• Key in-office tasks should be consolidated to daily lists for each in-office day. The staff members of each business unit having key in-office tasks should be cross-trained to perform tasks below, at and above their typical scope of duties. This represents an opportunity for junior personnel to gain experience and visibility into the roles and responsibilities of more senior staff, while likewise representing an opportunity for more senior staff members to demonstrate core leadership skills by “flexing downwards” into tasks usually beneath their role / level.
• In certain situations, it may be wise to cross-train staff members of related or “adjacent” business units to perform such critical in-office functions of the other unit or units, yielding further opportunities to limit the number of in-office staff required to cover all critical in-office functions.
• All personnel having sole competence in key tasks / business functions should, with their managers, create procedure documents and training materials (to the extent necessary) in order to create business unit resiliency in such areas.
• Institute key in-office safety protocols (with emphasis on legally required measures pursuant to relevant laws, rules, ordinances, etc.). Such measures should include mandatory use of masks when in-office, limiting personnel gathering in small spaces (e.g., elevator capacity limits, where feasible), closure of gathering spaces (e.g., staff lounges), sanitization of workspaces, and other key infection prevention measures.
• Suspend all business travel not strictly necessary for the continuity of business.
• Institute mandatory out-of-office periods following any travel by in-office personnel, with a requirement of a negative COVID screening prior to office re-entry.
• Create protocols and procedures for personnel to report both exposure and/or a positive COVID test result. It is critical that such procedures maintain the privacy of the personnel involved and limit access of identifying information to the greatest extent possible, and, in any event, in compliance with relevant laws / rules / regulations around the privacy of healthcare information.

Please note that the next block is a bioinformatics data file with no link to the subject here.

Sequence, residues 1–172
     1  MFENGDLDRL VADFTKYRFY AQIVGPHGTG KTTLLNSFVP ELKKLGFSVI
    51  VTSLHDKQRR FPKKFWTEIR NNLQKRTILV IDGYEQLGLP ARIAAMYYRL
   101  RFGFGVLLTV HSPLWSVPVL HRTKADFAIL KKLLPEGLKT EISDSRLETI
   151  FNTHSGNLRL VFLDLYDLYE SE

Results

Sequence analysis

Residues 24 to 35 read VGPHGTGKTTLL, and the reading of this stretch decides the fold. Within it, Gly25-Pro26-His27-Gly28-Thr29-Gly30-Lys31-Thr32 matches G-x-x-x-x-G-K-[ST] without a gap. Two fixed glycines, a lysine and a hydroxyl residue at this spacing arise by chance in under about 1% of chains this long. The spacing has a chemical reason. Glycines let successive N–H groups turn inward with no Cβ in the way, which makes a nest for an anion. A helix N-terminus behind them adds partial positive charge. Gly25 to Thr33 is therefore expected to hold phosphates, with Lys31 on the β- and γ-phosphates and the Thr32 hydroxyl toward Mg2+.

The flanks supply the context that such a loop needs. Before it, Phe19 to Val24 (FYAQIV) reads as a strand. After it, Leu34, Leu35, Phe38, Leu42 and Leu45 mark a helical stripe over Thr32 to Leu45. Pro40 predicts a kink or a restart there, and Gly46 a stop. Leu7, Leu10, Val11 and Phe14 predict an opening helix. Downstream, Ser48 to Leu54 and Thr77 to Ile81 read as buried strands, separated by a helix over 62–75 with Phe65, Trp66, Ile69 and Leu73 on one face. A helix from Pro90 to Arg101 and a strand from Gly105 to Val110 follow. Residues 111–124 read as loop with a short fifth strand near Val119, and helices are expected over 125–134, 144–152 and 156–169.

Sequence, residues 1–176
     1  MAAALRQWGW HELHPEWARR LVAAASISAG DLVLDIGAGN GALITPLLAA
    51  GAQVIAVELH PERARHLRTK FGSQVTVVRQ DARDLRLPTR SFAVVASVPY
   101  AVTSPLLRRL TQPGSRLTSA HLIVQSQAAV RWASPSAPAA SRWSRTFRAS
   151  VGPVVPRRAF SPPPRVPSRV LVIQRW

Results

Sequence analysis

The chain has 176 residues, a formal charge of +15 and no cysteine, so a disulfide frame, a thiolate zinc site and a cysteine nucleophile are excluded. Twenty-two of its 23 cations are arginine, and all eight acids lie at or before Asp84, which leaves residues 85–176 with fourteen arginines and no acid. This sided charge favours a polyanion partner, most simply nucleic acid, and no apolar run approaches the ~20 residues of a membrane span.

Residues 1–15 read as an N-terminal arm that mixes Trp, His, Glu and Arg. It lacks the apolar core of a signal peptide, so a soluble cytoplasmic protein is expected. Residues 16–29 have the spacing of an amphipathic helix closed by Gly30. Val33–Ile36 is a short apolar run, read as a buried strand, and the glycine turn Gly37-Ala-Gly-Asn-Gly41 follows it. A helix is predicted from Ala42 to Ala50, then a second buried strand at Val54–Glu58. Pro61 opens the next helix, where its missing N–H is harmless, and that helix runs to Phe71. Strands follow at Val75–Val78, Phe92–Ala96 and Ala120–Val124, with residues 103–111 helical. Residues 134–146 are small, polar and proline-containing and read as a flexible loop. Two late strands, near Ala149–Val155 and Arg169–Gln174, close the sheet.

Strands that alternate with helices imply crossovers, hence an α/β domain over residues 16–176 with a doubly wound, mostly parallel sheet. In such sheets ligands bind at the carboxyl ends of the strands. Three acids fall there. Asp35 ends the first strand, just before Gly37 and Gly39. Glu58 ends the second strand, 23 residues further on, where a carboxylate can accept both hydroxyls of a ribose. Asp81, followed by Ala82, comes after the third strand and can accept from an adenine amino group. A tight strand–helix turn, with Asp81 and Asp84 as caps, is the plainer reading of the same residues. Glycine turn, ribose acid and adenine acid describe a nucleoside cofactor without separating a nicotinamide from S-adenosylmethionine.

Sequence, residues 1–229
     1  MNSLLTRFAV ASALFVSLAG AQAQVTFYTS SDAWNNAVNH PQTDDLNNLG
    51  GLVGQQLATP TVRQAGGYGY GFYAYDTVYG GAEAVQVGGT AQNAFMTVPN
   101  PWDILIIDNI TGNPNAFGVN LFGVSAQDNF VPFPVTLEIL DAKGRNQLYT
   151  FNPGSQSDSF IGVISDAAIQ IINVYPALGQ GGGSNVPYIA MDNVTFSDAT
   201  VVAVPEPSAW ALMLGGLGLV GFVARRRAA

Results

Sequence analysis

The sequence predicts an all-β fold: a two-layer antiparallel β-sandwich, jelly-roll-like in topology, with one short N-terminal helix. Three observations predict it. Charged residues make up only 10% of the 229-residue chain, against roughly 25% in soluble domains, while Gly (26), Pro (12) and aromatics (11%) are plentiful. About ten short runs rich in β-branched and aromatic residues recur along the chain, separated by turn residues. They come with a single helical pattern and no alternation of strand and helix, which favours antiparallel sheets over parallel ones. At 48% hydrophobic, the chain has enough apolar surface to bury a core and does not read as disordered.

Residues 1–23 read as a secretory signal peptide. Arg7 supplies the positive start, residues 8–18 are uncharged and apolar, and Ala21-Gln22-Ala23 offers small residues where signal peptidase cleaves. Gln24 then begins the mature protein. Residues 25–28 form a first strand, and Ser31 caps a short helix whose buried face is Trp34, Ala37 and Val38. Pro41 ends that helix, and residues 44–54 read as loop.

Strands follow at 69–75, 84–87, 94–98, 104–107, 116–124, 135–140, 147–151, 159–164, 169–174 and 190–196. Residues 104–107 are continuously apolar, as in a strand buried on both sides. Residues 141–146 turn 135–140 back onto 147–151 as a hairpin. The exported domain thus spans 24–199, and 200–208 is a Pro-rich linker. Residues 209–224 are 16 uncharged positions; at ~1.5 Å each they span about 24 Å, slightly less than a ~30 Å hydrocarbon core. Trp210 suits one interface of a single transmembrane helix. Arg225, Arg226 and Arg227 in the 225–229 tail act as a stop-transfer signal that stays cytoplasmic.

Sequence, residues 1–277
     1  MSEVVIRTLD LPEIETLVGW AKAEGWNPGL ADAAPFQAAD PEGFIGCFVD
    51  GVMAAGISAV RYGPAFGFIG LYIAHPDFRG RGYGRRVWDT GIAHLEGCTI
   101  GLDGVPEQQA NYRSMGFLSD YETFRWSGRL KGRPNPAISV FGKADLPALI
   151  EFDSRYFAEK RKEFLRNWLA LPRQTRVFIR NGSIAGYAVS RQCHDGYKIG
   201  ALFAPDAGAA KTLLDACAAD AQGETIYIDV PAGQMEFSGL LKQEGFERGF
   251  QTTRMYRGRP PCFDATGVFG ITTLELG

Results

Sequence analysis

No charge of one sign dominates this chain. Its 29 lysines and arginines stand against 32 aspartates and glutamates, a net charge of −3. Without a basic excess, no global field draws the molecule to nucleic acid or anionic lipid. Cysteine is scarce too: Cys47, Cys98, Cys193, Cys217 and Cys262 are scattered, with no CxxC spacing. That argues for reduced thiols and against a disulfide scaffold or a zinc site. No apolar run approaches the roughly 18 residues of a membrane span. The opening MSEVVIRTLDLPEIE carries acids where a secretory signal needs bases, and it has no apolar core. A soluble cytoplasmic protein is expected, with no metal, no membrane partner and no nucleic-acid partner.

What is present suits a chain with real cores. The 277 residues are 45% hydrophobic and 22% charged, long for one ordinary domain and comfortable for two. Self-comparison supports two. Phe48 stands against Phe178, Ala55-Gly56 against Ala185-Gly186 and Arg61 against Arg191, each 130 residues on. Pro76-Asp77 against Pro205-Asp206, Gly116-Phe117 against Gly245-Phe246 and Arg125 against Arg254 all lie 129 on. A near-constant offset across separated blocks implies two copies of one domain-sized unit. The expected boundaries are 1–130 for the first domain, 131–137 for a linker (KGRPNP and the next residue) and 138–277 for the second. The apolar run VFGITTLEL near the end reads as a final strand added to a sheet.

• Create protocols and procedures for the external reporting of COVID exposure information to necessary third-parties as required by law, rule, regulation, contract or best practices (e.g., reporting to landlord / property management company re: in-office exposure). Staff members given responsibility under such protocols / procedures should be trained in order to provide necessary information while preserving business / personnel privacy as required.
• Assign roles and responsibilities to certain staff members to maintain the organization’s situational awareness of the ongoing Omicron variant threat. Responsibilities should include the intake, parsing and upstreaming of key threat-related information, developments in infection countermeasures, changes to relevant laws / rules / regulations / ordinances governing the organization’s conduct / COVID response, and other related information useful to managing COVID and Omicron-related risks.
Company messaging and employee training are essential to the success of any policy or procedure. Businesses must ensure that all personnel are aware of and have been given training in all new policies and procedures.
Step 3: Proactive Considerations
Protection: Masks, Sanitizers & Other Protective Equipment
With supply chain concerns presenting an ongoing concern as 2022 begins, companies should consider maintaining adequate stocks of key protective equipment such as masks, sanitizers, and other items of PPE relevant to their business needs.
Diagnostics: In-Home & Medical Testing Resources
COVID testing continues to present challenges for individuals and businesses in many locations nationwide within the US and worldwide. Businesses may consider providing employees with testing solutions in order to ensure access and minimize business disruptions.
Technology: Resources For Remote Collaboration
The need for seamless remote-work collaboration has been present since the dawn of the COVID-19 pandemic. However, with the onset of the Omicron variant, the ongoing nature of this need has been made clear. Companies should ensure that business units and employees are properly resourced to maintain productivity in what may be an extended remote-work scenario.